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As surveillance and facial recognition technologies have become more popular across the globe, some authorities have felt the need to legislate.
San Francisco legislators recently voted to ban the public use of facial recognition technology. Similar steps have been taken in Oakland and Somerville, Massachusetts amid a wider national debate over online privacy.1
While there can be negative connotations surrounding the ethical nature of the technology, Newton global equities portfolio manager, Paul Markham, is more optimistic. He thinks more positive applications can found for this technology and believes it is area of rich potential for software and electronic component manufacturers.
”While there have been reports of potential abuses of facial recognition in some more authoritarian emerging market regimes, there are also some far more benign applications for this technology. “Many airports are now widely using facial recognition to speed up passport checks and some smartphone apps employ similar technology which allows users to unlock their phones via their facial image.”
At a household level Markham points to some ingenious uses for facial recognition, such as video doorbells which can scan the image of callers and match them against visitors permitted access. At a retail consumer level he also sees rich potential for this technology in creating more targeted advertising.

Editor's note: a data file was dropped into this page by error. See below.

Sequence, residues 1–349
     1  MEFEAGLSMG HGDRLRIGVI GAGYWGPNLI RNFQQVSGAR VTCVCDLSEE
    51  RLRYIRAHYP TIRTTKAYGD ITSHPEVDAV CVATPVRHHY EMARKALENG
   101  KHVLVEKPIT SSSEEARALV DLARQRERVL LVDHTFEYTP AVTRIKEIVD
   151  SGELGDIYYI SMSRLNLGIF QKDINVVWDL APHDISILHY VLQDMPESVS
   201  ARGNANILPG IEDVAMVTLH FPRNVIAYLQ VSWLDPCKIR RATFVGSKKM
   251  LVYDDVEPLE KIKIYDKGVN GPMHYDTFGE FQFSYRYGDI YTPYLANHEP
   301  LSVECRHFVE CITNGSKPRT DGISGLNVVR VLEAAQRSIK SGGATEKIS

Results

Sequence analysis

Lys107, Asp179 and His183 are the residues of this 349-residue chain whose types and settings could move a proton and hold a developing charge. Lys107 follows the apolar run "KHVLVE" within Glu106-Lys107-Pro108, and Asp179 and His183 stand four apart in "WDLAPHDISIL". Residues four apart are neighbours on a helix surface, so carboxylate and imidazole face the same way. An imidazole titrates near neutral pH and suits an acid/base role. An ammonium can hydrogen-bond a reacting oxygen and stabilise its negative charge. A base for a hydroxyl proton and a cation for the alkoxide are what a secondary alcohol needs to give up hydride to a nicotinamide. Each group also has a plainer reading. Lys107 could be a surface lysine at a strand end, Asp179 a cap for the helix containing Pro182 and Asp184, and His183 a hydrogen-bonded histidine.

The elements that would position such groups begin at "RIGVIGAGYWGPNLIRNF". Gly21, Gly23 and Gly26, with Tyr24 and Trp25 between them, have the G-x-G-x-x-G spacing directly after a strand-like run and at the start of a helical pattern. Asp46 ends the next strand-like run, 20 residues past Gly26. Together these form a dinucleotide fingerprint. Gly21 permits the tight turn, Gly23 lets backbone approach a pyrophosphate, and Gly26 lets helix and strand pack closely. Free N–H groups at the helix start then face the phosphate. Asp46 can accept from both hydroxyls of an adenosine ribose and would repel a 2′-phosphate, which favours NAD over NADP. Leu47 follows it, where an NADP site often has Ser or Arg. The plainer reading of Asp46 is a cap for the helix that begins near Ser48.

“In the future, electronic advertising boards and pillars could include facial and mood recognition technology or gauge the age, broad socio-economic profile or even mood of people viewing them,” he says.
“Whether the viewer is a well-dressed woman or a teenage boy wearing a hoodie, the display unit could change the adverts it shows to better suit the audience. This type of device could become a common feature in shopping malls of the future.”
The main beneficiaries of this technology, he believes, will be microchip and software manufacturers and data and internet service providers. However, he points out that facial recognition technology continues to face practical problems and potential glitches.
“The more images of a person that are gathered and stored the more accurate facial recognition systems identifying them in real life should be. That said, they are far from fool proof."
“Viewing an individual in profile can make them hard to identify and poor lighting and crowd shots can also limit the effectiveness of facial recognition systems."
“Although thermal recognition and other additional checks can help, 100% accuracy of identification with these systems is some way off. There have even been reports of identical twins using facial recognition systems to unlock each other’s smart phones."2
While Markham believes law abiding citizens have little to fear from CCTV and facial recognition technology, he also points out that while criminal detection technology may lead the way, hackers, criminals and other disruptors are rarely far behind in developing techniques and technologies to neutralize them.